Abstract: "Sometimes things don't work out": Barriers and Facilitators of Service Use (Society for Social Work and Research 14th Annual Conference: Social Work Research: A WORLD OF POSSIBILITIES)

12420 "Sometimes things don't work out": Barriers and Facilitators of Service Use

Friday, January 15, 2010: 8:00 AM
Pacific Concourse A (Hyatt Regency)
* noted as presenting author
Julie Spielberger, PhD , University of Chicago, Research Fellow, Chicago, IL
Purpose: One challenge for voluntary prevention and early intervention programs is engaging families in services long enough to obtain expected benefits from services. Quantitative analyses indicate considerable variability in service use among our sample of low-income families and that these service patterns were associated with families' demographic characteristics, health, social support, maternal functioning, and previous service use. Mothers who used more services were more likely to have been born in the United States, be unemployed, have more children, have at child with special needs, and received more services in the Healthy Beginnings system. However, these characteristics explained only some of the variations in service use. We employed qualitative analyses to further understand how barriers and facilitators of service use were related to these variations.

Methods: We analyzed six waves of qualitative data on a subsample of families. We looked at barriers and facilitators to service use within and across families and within and across service areas (e.g., health care, income supplements, social services, and child care.) Guided by an ecocultural framework, we categorized the factors emerging from the qualitative data as one of four different but interconnected levels—the individual, the provider, the program, and the neighborhood level—and looked for changes in these factors over time.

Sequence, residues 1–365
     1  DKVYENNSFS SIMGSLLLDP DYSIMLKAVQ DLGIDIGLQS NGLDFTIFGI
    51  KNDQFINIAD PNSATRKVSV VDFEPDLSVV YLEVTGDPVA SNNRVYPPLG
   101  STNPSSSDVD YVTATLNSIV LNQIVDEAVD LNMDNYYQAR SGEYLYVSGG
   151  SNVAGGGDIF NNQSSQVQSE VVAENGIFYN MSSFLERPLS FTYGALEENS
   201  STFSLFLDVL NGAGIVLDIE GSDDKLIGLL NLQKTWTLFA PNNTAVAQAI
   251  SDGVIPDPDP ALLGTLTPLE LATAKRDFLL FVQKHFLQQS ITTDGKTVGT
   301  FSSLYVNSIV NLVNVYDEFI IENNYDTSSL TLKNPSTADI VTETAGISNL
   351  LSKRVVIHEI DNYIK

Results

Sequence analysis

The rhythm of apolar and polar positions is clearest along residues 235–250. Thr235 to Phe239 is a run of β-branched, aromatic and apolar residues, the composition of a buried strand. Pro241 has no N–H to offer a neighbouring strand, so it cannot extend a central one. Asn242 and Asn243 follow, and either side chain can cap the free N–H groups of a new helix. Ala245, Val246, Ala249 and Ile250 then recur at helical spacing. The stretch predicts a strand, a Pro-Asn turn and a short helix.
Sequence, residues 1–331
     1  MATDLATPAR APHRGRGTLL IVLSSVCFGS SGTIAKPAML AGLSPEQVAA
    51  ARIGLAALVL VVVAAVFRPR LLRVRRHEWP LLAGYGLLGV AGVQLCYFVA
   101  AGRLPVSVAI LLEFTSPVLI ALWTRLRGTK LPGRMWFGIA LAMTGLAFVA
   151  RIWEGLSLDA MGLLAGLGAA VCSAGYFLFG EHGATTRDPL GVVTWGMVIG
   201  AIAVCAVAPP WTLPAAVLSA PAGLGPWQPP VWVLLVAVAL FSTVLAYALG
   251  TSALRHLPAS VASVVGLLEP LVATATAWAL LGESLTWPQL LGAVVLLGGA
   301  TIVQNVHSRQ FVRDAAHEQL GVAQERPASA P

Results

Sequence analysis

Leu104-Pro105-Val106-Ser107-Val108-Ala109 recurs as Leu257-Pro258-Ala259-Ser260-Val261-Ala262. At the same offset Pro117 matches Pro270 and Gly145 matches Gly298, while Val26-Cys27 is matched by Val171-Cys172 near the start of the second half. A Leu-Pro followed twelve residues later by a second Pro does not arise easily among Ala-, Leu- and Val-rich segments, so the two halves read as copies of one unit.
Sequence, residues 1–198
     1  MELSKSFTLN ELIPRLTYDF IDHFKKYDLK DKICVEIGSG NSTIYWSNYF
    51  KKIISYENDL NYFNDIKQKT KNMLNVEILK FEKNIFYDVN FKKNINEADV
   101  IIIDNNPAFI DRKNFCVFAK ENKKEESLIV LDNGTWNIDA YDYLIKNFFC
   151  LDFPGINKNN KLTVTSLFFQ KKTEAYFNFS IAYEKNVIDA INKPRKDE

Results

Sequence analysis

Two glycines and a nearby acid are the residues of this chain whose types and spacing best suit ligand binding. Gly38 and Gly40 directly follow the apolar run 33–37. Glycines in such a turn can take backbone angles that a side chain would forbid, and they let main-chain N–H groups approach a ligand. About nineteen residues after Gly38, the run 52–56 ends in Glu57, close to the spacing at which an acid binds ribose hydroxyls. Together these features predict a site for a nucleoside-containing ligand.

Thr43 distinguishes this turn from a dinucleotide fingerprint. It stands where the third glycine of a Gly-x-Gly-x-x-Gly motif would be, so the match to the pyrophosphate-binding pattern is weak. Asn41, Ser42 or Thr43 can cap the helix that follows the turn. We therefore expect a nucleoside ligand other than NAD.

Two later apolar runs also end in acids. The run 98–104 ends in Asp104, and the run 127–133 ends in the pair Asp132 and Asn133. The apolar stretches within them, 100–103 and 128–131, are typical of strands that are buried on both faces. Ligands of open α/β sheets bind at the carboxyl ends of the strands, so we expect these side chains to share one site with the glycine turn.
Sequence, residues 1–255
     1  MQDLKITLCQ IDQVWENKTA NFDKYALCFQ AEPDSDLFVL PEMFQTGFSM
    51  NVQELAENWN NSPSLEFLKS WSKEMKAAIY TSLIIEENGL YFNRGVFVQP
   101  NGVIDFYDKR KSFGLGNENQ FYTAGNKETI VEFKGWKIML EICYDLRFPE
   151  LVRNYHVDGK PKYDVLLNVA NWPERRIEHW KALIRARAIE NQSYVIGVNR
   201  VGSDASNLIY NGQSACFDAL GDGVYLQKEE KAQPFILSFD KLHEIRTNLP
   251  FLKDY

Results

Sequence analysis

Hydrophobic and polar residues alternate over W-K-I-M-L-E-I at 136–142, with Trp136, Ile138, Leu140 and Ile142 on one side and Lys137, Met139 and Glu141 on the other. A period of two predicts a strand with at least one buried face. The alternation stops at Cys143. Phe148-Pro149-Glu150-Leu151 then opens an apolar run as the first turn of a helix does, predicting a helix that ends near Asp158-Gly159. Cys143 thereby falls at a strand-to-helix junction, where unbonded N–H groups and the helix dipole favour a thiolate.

Results: Families' decisions to apply for and use services were shaped by a host of factors, including individual characteristics (language, transportation, attitudes, social networks, economic stability, and past program experiences), program characteristics (intake, waiting time), provider characteristics (behavior, cultural competency, communication style), and neighborhood characteristics (transportation, social networks, safety). The importance of these factors varied from one service area to another. For example, mothers' decisions to use or not use child care were shaped by parenting beliefs as well as need for child care and the choices available to them, while use of health care or food programs was influenced more by need than by personal beliefs or ease of application. The role of individual characteristics in accessing services was especially evident in the experiences of immigrants who experienced problems with transportation and child care, lost wages when taking time from work to apply for services, and limited English and literacy skills. We also found that social workers and other providers in the Healthy Beginnings system played an important role in helping mothers connect to economic support programs and other services.

Implications: To be effective, program policies and practices need to be grounded in the circumstances of the low-income families they are intended to serve and consider the other services and systems with which they may have contact. The importance of social workers for connecting mothers to economic support and other services suggests that expanding care coordination services or providing more community-based staff to assist mothers with reading, writing, and translation would go a long way towards helping mothers who don't require ongoing care coordination but who need assistance in maintaining their access to services.